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Why does the Guinea Current exist at all? There are no similar currents in the Pacific or Indian Oceans and the Guinea Current also disappear during northern summers. Why?

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  • $\begingroup$ The Guinea Current is at least partially related to the Indian and Pacific Equatorial Countercurrents $\endgroup$ – arkaia Sep 28 '17 at 10:53
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The Guinea Current is in geostrophic balance with isopycnals sloping upwards towards the north. The current is not directly related to wind direction and magnitude and that makes rather especial. As many other eastern boundary currents, it is characterized by the presence of coastal upwelling (Bakun, 1978), which delivers nutrients to the surface waters and results in increased primary production.

oceancurrents.rsmas Source: RSMAS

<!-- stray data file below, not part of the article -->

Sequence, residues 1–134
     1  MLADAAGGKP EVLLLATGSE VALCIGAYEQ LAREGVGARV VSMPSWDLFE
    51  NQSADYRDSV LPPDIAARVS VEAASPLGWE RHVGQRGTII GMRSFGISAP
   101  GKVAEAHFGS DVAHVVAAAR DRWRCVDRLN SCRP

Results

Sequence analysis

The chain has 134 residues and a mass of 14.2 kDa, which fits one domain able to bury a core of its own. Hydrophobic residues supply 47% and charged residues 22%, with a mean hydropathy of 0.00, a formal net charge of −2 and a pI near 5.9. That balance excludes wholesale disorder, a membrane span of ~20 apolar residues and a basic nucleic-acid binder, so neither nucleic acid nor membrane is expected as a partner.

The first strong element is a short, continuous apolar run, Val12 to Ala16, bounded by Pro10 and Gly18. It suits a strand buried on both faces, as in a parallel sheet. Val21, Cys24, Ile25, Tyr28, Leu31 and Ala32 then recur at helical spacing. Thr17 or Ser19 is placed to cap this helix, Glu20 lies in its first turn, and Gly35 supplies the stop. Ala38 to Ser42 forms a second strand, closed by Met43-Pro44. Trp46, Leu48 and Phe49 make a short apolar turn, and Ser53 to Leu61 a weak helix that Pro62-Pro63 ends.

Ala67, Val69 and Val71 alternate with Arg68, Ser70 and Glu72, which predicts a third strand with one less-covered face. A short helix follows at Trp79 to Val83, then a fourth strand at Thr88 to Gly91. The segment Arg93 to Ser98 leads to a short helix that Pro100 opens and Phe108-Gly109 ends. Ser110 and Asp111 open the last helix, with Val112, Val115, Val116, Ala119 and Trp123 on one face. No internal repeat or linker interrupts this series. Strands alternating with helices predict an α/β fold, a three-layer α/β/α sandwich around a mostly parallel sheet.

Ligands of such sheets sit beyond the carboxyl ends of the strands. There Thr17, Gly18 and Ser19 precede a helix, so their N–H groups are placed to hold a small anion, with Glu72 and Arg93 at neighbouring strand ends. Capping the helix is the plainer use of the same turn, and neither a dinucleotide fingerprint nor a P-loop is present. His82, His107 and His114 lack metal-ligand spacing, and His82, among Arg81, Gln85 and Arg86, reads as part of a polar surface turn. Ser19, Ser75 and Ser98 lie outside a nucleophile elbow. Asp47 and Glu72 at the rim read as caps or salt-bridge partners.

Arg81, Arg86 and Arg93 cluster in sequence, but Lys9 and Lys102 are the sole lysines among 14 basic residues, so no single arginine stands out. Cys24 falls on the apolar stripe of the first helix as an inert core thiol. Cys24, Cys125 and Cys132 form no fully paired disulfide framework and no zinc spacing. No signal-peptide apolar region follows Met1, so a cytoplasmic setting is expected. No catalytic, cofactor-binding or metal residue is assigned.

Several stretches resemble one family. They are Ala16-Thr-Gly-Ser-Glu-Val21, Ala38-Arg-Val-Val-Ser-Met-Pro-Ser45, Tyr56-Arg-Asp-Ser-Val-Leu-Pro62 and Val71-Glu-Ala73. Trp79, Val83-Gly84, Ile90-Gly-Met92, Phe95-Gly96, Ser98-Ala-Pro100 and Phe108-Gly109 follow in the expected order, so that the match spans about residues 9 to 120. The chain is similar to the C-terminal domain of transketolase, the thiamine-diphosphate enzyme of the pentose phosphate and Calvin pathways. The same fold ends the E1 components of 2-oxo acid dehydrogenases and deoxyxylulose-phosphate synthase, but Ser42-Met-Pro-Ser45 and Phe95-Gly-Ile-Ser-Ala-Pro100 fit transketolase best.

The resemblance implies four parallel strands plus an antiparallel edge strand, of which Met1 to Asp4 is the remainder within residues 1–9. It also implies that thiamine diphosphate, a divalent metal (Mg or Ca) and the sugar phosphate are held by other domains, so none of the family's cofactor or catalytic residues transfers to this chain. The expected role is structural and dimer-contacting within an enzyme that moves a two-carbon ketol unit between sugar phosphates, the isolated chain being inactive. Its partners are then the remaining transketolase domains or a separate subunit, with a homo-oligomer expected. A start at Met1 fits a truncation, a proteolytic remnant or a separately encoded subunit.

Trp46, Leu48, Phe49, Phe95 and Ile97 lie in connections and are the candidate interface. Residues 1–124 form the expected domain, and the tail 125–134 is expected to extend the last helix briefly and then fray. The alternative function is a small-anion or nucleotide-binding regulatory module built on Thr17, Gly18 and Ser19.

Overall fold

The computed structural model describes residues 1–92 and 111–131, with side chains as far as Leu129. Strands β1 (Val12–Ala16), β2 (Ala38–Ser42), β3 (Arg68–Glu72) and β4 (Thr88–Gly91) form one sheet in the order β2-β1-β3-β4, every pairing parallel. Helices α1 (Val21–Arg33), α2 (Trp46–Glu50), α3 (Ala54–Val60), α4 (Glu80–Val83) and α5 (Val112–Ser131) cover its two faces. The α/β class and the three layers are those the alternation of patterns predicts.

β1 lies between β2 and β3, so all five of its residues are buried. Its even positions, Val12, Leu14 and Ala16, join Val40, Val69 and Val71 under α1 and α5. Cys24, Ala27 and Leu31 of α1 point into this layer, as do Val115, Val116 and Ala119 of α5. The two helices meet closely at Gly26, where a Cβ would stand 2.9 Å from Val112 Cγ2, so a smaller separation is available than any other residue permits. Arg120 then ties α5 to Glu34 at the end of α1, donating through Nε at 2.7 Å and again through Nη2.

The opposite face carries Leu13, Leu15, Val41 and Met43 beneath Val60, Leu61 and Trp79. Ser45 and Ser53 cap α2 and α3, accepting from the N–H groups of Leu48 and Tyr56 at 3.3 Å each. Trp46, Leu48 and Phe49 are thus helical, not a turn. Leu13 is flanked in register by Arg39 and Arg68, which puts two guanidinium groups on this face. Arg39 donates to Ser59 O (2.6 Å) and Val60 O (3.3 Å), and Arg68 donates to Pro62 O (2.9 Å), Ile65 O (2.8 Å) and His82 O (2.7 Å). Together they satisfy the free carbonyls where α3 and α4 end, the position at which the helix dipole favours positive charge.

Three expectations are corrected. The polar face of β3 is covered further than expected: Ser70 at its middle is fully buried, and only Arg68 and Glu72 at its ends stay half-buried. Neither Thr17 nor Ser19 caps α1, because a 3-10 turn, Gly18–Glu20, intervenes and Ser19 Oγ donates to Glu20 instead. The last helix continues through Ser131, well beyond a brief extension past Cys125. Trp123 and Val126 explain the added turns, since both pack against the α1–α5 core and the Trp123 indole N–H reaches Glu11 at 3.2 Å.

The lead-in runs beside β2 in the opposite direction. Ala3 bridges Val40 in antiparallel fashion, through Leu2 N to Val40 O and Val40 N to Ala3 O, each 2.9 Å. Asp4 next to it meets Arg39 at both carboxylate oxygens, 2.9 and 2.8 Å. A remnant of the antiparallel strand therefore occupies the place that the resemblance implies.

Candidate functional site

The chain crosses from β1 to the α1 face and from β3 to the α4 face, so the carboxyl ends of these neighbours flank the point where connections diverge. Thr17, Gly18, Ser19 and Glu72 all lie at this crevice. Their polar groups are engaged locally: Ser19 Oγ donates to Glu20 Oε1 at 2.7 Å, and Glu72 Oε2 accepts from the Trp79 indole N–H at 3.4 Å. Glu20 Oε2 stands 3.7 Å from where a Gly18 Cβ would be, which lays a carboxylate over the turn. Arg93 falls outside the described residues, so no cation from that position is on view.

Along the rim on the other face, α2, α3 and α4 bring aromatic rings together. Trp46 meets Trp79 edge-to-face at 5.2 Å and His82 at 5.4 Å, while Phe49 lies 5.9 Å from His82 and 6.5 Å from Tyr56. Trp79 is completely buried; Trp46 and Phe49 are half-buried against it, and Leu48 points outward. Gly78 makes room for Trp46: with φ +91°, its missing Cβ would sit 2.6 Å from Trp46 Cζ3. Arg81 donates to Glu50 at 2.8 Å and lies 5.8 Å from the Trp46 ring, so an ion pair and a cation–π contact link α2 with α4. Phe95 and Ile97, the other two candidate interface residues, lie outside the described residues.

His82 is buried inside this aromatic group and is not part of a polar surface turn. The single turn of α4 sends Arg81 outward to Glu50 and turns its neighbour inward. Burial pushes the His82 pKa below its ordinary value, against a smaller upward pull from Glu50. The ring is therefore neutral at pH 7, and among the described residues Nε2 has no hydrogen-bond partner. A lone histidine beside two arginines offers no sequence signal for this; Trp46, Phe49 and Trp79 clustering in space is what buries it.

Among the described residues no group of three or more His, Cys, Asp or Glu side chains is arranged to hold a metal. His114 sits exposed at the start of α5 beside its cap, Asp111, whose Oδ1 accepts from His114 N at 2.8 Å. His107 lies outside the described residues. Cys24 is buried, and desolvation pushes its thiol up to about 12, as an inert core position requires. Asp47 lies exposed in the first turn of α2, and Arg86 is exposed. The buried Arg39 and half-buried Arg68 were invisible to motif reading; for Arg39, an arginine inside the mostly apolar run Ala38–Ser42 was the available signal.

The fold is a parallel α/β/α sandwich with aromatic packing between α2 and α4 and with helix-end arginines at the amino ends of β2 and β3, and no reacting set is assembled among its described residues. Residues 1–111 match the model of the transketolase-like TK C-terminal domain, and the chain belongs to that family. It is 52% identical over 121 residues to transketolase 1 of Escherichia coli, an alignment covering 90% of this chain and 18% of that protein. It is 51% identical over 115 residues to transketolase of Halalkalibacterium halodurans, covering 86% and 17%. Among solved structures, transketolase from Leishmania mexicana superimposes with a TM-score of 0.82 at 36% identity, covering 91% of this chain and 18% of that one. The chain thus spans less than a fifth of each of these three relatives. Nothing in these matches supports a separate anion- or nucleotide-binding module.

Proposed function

The Guinea Current is connected with the North Equatorial Counter Current (NECC) and in fact it can be considered the eastern continuation of the NECC. The seasonal variations in the position of the Intertropical Convergence Zone affect the connection between NECC and Guinea Currents. The Guinea Current is also connected to the Canary Current flowing southward along the African coast. In this sense, the Guinea Current is at least partially related to the Indian and Pacific Equatorial Counter Currents. The difference is that there is no long stretch of coast parallel to the Equator in those oceans.

RSMAS ocean currents project provides a complete description of the main characteristics of the Guinea Current with references.

Also, the Guinea Current does not disappear during the northern summer. In fact, there is a tendency for the current to intensify (check Figure 3 in Bakun, 1978 for instance).

  • Bakun, A., 1978. Guinea current upwelling. Nature, 271(5641), pp.147-150.
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